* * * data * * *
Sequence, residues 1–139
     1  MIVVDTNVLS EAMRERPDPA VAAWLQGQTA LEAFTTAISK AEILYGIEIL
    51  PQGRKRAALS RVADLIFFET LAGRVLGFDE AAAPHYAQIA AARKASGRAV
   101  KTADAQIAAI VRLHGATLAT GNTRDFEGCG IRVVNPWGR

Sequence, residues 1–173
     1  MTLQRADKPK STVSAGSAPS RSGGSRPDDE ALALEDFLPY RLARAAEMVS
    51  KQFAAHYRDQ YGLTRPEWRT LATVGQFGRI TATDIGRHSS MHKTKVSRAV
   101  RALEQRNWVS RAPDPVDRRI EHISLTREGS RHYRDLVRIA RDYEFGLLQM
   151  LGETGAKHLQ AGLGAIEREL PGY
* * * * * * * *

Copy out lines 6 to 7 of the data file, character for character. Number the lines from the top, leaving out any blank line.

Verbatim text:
     1  MTLQRADKPK STVSAGSAPS RSGGSRPDDE ALALEDFLPY RLARAAEMVS
    51  KQFAAHYRDQ YGLTRPEWRT LATVGQFGRI TATDIGRHSS MHKTKVSRAV